19. Today I learned I’m capable of feeling hype for a podcast. This season will be great. I look forward to doing the exercise on my flight today.

  20. @Chris Baxter – Thanks, and apologies for not digging deeper into the archive.
    @’nother Mike – You rule, and have my eternal gratitude for the transcripts! Is your Amazon Wishlist public? 🙂

  21. Oh, excellent! My spouse and I took the plunge and signed up for the Writing Excuses Retreat/Cruise, and this is perfect timing to get me back on track with the short pieces I outlined for NaNo last year (none of which I actually finished…). I listened to part of the first episode on my way into work this morning, and I plan to download the referenced previous episodes at lunchtime for the ride home.

    Thank you all for doing this!

  22. @Howard, I listen in a moving car going highway speed using one ear bud (left) only, and I can hear everyone okay. It’s the hissing noise that I was referring to as “rough audio”, which wasn’t there in some of your earlier episodes (for example, I’m catching up on season 5 and it sounded great the entire way through).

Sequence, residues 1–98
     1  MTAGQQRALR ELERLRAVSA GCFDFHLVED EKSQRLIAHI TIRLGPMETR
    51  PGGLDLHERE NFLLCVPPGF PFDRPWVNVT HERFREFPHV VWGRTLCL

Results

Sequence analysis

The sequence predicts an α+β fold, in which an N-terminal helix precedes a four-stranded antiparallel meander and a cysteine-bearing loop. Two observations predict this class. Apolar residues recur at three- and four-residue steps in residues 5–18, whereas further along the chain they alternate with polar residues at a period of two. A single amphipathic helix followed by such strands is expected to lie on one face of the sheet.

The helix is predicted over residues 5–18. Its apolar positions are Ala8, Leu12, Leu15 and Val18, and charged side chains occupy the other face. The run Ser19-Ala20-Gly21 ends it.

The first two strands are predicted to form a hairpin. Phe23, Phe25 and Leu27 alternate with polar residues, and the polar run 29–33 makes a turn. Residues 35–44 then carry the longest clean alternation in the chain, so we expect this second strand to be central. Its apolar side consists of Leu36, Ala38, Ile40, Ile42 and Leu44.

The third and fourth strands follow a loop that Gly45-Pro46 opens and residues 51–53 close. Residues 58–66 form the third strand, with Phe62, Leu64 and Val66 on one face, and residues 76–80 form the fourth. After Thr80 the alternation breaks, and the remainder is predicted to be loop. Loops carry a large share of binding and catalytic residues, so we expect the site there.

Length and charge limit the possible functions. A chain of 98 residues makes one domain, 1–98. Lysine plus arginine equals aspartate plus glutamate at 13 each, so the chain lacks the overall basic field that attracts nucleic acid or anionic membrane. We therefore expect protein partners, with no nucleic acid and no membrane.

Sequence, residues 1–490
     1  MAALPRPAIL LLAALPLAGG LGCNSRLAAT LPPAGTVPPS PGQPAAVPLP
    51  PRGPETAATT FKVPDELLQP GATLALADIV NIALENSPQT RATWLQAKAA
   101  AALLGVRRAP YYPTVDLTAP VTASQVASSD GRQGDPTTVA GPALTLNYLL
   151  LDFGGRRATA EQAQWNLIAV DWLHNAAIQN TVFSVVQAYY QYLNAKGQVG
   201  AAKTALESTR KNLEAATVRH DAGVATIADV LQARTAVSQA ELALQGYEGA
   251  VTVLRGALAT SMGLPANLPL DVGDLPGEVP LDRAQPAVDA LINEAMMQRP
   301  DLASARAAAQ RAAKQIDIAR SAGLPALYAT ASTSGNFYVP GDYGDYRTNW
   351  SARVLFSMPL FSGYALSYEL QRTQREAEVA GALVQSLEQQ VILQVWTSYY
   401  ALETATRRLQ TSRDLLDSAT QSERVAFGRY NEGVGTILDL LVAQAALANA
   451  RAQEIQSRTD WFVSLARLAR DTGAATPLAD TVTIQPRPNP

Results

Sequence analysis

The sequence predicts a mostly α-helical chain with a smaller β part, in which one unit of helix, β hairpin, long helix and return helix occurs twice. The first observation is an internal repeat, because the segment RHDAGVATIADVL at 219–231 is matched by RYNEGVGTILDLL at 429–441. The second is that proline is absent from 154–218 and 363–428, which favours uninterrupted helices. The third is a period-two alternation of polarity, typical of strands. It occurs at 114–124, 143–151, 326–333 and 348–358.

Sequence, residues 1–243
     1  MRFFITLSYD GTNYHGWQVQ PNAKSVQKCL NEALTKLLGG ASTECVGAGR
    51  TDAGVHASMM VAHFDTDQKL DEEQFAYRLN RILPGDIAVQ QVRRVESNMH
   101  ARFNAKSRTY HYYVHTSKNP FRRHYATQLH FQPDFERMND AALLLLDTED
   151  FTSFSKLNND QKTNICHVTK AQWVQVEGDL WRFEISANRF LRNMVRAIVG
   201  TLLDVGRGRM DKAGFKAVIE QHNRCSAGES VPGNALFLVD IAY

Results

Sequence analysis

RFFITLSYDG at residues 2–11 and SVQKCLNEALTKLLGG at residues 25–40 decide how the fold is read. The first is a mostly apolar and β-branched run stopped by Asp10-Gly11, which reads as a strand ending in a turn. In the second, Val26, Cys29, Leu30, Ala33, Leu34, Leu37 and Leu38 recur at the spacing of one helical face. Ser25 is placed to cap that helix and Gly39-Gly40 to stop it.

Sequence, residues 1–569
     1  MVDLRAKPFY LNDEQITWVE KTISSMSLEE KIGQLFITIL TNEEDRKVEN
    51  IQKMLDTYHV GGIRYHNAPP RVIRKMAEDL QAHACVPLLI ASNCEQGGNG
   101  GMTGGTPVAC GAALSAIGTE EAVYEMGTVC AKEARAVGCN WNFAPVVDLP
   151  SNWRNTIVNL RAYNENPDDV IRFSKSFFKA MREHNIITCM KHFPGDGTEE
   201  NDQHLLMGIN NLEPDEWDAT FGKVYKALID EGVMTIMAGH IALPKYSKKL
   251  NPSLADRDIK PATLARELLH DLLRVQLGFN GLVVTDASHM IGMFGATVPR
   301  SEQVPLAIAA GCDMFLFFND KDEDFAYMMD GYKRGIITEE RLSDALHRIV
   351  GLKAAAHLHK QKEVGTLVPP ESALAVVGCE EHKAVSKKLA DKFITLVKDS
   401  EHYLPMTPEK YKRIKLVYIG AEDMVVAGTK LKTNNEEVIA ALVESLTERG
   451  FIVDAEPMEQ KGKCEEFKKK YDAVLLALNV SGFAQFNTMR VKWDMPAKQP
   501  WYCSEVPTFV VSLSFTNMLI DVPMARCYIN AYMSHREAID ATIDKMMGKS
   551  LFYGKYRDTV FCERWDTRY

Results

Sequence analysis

I can hear Mary just fine. I would be able to hear Dan except you guys keep interrupting him! 🙂

    Brandon is louder than the others, which was not the case in seasons past.

    But this is all really nitpicking. I can hear you, it’s awesome, and I’m thrilled with the new format!

  23. This is great. though I had a momentary bit of unexpected tension as I contemplated the change in our relationship – like when I realized 26 years ago that I loved the woman who would become my wife and had to get up the nerve to ask her to marry me.